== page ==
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Render-Blocking Resources


Fast page loads result in higher user engagement, more pageviews, and improved conversion.

You can improve your page load speed by inlining links and scripts that are required for first paint, and deferring those that aren't.


In your report, Lighthouse lists all of the render-blocking links or scripts that it has detected. The goal is to reduce this number.

Lighthouse flags three types of render-blocking links: scripts, stylesheets, and HTML imports. How you optimize depends on what type of resource you're working with.

  • For critical scripts, consider inlining them in your HTML. For non-critical scripts, consider marking them with the async or defer attributes. See Adding Interactivity with JavaScript to learn more.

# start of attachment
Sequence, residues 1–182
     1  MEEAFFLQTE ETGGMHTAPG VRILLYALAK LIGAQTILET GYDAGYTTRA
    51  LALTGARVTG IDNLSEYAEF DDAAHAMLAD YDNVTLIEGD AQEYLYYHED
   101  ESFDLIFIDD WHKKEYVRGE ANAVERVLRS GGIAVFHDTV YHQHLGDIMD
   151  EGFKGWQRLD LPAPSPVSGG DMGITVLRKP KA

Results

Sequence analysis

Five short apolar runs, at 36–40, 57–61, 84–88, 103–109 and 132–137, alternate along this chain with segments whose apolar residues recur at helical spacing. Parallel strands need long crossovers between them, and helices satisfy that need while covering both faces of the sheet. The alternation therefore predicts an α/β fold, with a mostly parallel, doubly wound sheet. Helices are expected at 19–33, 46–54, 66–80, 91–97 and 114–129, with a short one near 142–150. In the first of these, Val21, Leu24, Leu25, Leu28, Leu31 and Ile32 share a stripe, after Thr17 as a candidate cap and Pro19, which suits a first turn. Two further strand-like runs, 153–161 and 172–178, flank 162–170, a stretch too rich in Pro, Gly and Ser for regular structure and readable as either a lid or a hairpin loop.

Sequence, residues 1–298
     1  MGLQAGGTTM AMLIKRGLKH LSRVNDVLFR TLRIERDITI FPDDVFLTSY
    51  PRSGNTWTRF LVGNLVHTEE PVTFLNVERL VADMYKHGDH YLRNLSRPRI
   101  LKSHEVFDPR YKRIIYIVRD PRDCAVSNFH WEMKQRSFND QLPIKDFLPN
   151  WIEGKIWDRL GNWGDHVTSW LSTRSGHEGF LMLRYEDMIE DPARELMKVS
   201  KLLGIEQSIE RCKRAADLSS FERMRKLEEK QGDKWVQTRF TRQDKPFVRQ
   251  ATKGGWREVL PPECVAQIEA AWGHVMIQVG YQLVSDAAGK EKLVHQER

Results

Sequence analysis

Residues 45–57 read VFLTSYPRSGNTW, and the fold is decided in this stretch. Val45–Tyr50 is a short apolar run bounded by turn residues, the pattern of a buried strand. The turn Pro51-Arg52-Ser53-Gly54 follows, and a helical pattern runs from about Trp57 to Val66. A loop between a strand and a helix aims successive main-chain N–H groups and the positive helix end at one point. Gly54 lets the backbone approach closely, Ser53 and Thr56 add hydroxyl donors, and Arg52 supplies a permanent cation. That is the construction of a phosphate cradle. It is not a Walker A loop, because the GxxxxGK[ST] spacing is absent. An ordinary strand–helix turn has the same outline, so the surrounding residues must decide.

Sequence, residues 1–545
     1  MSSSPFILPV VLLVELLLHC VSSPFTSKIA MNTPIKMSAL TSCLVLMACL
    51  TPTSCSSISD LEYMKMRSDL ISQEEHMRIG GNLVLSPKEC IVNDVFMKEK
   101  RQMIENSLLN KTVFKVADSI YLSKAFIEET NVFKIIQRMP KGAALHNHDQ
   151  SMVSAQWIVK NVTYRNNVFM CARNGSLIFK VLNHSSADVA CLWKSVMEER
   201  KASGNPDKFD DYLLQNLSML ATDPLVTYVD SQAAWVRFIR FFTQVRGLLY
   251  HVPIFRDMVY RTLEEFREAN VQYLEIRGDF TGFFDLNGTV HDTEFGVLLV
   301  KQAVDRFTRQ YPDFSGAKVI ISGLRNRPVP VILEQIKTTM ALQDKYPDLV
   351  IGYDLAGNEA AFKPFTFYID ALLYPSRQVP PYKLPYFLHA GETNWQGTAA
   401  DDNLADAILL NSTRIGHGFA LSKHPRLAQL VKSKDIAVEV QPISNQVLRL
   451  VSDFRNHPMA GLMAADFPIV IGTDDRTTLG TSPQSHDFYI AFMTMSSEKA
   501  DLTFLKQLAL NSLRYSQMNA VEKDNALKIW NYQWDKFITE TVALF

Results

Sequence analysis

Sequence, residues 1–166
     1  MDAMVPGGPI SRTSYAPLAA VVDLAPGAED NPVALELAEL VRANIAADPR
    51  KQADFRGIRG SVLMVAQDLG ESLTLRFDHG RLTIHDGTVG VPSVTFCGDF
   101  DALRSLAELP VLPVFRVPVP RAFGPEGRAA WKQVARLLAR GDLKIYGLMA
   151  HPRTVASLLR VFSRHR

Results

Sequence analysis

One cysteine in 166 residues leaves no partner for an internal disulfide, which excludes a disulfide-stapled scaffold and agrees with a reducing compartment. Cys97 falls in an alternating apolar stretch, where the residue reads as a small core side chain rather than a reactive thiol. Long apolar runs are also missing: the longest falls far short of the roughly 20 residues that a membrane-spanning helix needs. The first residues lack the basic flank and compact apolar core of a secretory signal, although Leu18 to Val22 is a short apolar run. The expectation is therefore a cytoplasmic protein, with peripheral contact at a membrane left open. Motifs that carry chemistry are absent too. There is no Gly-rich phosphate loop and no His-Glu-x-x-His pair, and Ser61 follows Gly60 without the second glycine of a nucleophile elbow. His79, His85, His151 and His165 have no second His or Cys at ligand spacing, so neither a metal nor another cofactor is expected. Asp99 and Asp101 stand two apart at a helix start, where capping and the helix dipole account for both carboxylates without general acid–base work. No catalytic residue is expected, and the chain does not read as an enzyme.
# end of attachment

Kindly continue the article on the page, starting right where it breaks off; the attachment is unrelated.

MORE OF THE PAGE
• For stylesheets, consider splitting up your styles into different files, organized by media query, and then adding a media attribute to each stylesheet link. When loading a page, the browser only blocks the first paint to retrieve the stylesheets that match the user's device. See Render-Blocking CSS to learn more.
  • For non-critical HTML imports, mark them with the async attribute. As a general rule, async should be used with HTML imports as much as possible.

More information

Lighthouse identifies three types of blocking resources.

A <script> tag that:

  • Is in the <head> of the document.
  • Does not have a defer attribute.
  • Does not have an async attribute.

A <link rel="stylesheet"> tag that:

  • Does not have a disabled attribute. When this attribute is present, the browser does not download the stylesheet.
  • Does not have a media attribute that matches the user's device.

A <link rel="import"> tag that:

  • Does not have an async attribute.


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